Imagine being a female -- in what you think is a monogamous relationship -- going to your gynecologist for a routine checkup and your quarterly contraceptive injection. Now imagine that you've just been diagnosed with an STD. Think this would never happen? Think again.
Recent discoveries done by the National Institutes of Health, University of North Carolina and Johns Hopkins University show that females who use birth control through an injection are at a higher risk of contracting sexually transmitted diseases than those who take it in another form -- either the patch, the birth control pill or the faithful condom.
A study released last week showed that the women receiving birth control injections were three times more likely to contract STDs than women who took birth control pills or used other methods.
Depo-Provera, also referred to as Depo, is an injectable method of birth control used once every three months, which uses a hormone similar to progesterone in order to reduce the risk of pregnancy.
While the recent study shows that users of Depo are more likely to acquire STD's than those who use other methods, a member of Planned Parenthood commented that every article that they have released in relation to Depo-Provera has clearly stated that "...the only protection against STD's includes latex and female condoms to help reduce the risk of infection."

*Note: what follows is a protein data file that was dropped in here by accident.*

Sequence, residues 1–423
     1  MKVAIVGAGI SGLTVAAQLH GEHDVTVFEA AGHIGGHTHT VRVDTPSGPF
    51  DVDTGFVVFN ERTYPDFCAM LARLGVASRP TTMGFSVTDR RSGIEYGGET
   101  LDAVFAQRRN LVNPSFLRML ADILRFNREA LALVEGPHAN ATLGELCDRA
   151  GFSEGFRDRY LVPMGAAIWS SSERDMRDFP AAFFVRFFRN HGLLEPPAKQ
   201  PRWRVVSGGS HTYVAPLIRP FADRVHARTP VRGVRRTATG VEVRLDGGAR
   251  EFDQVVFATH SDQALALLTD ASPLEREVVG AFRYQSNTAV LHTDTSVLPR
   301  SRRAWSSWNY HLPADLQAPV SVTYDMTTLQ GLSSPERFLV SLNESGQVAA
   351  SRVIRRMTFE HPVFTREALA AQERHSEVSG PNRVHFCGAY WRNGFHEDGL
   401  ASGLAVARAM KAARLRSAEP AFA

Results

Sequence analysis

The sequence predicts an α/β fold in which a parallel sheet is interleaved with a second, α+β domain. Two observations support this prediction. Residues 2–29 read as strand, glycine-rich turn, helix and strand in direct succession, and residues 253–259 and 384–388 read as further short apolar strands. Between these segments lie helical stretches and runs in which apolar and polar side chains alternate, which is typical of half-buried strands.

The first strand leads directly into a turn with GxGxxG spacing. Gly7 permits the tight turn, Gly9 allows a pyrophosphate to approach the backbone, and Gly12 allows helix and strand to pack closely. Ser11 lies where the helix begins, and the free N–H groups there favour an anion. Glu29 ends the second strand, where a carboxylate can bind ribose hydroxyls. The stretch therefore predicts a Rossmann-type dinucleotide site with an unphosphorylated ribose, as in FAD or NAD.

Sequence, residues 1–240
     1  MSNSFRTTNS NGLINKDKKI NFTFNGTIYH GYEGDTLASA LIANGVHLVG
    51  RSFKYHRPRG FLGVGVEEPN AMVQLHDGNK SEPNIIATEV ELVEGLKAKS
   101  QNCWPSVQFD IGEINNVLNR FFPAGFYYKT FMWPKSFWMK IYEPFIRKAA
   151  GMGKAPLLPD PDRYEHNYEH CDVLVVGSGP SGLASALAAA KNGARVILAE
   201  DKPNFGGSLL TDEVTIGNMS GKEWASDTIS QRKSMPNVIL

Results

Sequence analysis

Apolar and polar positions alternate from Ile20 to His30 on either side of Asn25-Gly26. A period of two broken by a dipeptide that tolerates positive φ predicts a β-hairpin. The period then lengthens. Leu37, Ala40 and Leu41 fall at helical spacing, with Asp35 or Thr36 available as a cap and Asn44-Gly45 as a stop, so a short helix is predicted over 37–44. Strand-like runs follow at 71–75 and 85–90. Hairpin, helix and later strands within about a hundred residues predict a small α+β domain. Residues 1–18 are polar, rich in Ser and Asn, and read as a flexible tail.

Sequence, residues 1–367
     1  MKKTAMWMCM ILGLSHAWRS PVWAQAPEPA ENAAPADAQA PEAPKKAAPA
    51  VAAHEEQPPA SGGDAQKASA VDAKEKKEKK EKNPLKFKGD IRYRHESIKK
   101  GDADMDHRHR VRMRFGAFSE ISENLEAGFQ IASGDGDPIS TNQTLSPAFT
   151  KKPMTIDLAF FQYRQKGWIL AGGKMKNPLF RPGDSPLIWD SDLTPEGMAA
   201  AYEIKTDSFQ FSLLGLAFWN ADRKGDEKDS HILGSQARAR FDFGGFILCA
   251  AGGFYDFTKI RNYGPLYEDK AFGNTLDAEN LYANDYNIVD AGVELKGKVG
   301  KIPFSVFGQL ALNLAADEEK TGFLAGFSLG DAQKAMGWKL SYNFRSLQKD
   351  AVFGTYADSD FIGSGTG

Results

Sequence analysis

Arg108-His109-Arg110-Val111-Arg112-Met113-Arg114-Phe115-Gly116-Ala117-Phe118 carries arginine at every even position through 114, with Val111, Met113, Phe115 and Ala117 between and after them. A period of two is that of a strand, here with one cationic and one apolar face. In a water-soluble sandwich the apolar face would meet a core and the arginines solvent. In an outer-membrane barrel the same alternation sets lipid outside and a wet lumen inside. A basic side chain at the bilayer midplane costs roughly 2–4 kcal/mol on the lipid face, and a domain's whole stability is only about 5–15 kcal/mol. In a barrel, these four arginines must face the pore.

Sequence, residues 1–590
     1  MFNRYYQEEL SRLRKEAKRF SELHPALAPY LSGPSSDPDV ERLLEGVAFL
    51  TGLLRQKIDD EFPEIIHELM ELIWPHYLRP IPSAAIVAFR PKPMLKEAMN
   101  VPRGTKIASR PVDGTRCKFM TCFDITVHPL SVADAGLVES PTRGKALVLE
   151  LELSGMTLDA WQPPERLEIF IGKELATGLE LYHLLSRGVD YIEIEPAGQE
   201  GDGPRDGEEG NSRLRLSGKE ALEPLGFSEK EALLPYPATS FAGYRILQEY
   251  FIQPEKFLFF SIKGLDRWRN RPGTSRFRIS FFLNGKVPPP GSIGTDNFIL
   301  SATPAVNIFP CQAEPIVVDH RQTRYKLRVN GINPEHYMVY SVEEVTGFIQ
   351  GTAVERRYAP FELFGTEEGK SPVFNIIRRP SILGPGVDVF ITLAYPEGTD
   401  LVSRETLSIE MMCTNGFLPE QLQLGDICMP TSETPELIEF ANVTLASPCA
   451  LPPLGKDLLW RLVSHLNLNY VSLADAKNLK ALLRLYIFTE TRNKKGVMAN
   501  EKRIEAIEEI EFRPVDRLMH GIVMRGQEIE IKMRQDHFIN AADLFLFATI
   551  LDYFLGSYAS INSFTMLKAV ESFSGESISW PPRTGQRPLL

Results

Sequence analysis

Kristine, a junior in communication, who asked that her last name not be used, took Depo-Provera shots until recently.
"The side effects were just bothering me too much. There were quite a few times when I felt sick following the Depo injection, so I switched back to the pill. I sure do miss the convenience of the shots, but the pill just makes more sense for my lifestyle right now," Kristine said.
For some women, like Kristine, the pill is preferred, but advocates of Depo-Provera champion its simplicity. When women forget to take their birth control pill daily, their hormonal systems may be altered greatly. Depo provides these women with relief from the burden of remembering to take the pill everyday and gives them the option of having an injection every 12 weeks instead.
However, taking the pill on a daily basis can also remind sexually active women of their responsibilities regarding STDs.
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